Bugg’s second album has its moments, less thrilling than his debut…
Jake Bugg⎪ Shangri La⎪ Island ⎪⎪US Release Date: November 19, 2013
After his self-titled debut album appeared in the U.S. In 2012, Jake Bugg drew rave reviews as a the modern day Bob Dylan almost instantly. Sporting an acoustically-driven sound with his distinct, if raw, unpolished voice, the 19-year old Bugg seems like the ideal continuation of the Dylan lineage (no disrespect to you Jakob Dylan). That said and all things considered, the Bob Dylan comparisons are a wee bit overhyped as is the notion of Bugg being some sort of ‘savior’ of rock music in its most traditional form. Bugg has plenty to offer, as he shows on Shangri La, but he also has plenty of room for improvement. Shangri La has its moments, but it also has its flaws.
Among the best moments of Shangri La are tracks i “Slumville Sunrise”, single “What Doesn’t Kill You”, “A Song About Love”, and “Kingpin”. “Slumville Sunrise” reminds me of sort of a poor man’s “Two Fingers”; it is similar in conception, though by now means a supersession. “Slumville Sunrise” finds Bugg reflecting upon his life and the place he comes from (“My face upon the concrete, the dirt is in my mouth / I clench my fist and feet, I try to cry out loud…”). “What Doesn’t Kill You” is saddening but truthful, particularly upon its verses where Bugg references a friend (verse one) and a ‘flame’ (verse two) in which he “couldn’t face the world without her eyes…”. Through the pain, Bugg shows the utmost prudence on the chorus: “What doesn’t kill you / what doesn’t hurt / sometimes you feel you’re up against the world… this life it seems / to bring you to your knees / you try you bleed then finally you breathe.”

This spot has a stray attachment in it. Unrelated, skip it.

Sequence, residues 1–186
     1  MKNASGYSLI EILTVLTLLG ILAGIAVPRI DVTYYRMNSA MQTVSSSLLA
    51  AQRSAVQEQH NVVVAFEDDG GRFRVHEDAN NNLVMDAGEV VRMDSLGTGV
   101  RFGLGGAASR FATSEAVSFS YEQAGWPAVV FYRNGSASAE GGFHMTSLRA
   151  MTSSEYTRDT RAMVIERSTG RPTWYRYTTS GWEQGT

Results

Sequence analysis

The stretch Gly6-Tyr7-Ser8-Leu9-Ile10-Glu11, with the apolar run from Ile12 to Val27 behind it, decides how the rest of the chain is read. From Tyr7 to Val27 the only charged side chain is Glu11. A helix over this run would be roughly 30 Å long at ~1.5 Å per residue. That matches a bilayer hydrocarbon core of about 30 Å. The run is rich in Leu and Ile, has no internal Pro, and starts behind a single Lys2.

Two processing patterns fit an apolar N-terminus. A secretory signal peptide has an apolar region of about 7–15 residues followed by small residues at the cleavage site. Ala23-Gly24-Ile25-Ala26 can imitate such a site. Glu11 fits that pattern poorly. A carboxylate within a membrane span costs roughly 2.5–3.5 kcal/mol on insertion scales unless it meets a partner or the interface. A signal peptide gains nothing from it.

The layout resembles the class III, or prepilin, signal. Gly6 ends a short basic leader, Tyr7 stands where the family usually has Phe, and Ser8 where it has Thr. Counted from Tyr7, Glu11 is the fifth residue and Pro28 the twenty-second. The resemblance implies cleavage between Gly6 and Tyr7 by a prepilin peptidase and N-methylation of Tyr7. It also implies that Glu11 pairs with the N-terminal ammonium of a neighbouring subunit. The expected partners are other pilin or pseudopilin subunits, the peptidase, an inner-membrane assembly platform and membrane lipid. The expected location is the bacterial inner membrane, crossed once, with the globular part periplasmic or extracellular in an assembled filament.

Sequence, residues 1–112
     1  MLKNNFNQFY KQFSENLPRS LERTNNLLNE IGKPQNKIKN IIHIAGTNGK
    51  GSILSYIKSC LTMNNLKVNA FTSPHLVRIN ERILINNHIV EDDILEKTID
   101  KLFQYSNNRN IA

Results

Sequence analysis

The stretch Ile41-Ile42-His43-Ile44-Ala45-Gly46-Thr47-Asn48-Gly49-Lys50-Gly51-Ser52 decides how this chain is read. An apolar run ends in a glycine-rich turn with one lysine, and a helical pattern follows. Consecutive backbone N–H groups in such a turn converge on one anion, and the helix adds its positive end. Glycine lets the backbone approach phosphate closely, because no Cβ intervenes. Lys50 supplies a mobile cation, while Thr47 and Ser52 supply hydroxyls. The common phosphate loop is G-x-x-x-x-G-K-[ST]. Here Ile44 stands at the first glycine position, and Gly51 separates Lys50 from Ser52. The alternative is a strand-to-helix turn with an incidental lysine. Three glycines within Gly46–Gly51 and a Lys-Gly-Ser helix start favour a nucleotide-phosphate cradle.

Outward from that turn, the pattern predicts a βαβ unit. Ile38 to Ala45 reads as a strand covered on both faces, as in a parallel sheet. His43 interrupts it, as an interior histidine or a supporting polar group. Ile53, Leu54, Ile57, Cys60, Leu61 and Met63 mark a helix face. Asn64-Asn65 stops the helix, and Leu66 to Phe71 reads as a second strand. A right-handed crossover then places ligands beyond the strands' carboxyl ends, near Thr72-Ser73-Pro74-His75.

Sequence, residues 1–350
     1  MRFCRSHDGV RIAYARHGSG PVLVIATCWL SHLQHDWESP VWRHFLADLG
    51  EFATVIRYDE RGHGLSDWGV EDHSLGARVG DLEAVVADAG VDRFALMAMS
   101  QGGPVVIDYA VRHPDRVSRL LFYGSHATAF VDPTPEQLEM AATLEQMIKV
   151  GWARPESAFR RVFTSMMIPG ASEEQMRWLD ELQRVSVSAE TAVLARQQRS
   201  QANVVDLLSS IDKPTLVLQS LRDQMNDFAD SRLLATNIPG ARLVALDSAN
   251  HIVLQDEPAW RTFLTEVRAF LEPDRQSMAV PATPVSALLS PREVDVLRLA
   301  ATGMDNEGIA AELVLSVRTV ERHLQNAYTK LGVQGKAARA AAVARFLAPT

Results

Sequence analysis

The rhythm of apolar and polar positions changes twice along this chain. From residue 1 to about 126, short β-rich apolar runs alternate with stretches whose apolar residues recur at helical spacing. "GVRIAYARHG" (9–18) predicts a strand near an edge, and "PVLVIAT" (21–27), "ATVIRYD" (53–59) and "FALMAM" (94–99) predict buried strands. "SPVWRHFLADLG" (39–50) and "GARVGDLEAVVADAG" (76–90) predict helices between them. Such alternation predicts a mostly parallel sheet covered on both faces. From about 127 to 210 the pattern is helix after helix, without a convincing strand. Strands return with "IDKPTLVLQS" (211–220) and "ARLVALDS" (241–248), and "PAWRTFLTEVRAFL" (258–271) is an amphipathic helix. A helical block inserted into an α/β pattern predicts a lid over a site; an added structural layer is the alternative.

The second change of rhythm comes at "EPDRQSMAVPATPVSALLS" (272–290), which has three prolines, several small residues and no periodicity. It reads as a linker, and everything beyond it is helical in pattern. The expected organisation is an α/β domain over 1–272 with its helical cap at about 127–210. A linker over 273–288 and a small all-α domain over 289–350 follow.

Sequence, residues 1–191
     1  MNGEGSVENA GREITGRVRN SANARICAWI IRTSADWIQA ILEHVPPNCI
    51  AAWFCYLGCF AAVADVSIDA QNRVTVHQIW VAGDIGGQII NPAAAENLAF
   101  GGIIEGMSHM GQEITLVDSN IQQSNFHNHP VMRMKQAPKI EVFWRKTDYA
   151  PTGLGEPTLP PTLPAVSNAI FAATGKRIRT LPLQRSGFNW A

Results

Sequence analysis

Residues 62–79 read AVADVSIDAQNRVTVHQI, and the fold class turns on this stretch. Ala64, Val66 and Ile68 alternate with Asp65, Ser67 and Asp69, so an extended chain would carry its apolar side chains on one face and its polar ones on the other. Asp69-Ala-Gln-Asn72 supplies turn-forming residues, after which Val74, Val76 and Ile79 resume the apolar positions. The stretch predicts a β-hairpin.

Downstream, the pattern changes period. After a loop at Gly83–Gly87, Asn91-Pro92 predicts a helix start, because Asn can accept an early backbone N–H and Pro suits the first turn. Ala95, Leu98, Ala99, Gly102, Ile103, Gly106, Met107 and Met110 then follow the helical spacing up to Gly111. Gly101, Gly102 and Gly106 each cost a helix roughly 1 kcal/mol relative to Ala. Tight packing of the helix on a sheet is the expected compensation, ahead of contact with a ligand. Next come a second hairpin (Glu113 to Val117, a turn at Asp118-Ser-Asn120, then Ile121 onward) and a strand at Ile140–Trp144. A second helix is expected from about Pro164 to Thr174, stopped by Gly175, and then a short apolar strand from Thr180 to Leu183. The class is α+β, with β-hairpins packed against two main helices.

“Is that all you wanted? Songs about love? / Is that want you hoped you would find / when it’s burning inside / but a song about love’s not enough.” Poetic by all means, “A Song About Love” seems to be the most complete performance of the album. The metric shifting “A Song About Love” certainly offers the incredible nuance and an overall unique selection Where many of Bugg’s songs seem quite simple, “A Song About Love” definitely steps up the game. Throw in a brief, but rocking joint like “Kingpin”, and Bugg is able to lose some of his seriousness, which is a pro. Still, I wouldn’t call being a kingpin synonymous with ‘fun’, LOL.
Shangri La also has its less satisfying moments. While opener “There’s A Beast And We All Feed It” sounds true to its bold title, it also seems a bit rough around the edges. Perhaps it’s more aimed as an ‘interlude’ or ‘intro’, but it could stand a bit more polish. A track like “All Your Reasons” isn’t ‘bad’ by any means, but clocking in at over five minutes is a bit of a stretch, particularly given the fact Bugg’s voice is an ‘acquired taste’ of sorts. Another longer number “Kitchen Table” is more accessible, but still the prolonged length doesn’t lend itself as well as say a classic Dylan track might. Other tracks are ‘good’ or average without being stellar or memorable. The lack of another “Lightening Bolt” or “Two Fingers” certainly takes away from this effort.
Ultimately, Bugg’s second recording foray seems less thrilling compared to his debut. Yes the sound palette has increased, but that doesn’t ensure a ‘hit’ in the least. Shangri La overall is less memorable, even if Bugg basically picks up where he left off the first time. For me, my question for Bugg is has he reached his ceiling or does he have room to grow? I’m not sure that Shangri La clarifies an answer to this completely; it may confound even more. Still, the effort has its moments.
“Slumville Sunrise” ; “What Doesn’t Kill You”; “A Song About Love”; “Kingpin”
Filed under: Alternative
Tagged: "A Song About Love"
, "Lightening Bolt"
, "What Doesn't Kill You"
, Bob Dylan
, Jake Bugg
, Shangri La
, Two Fingers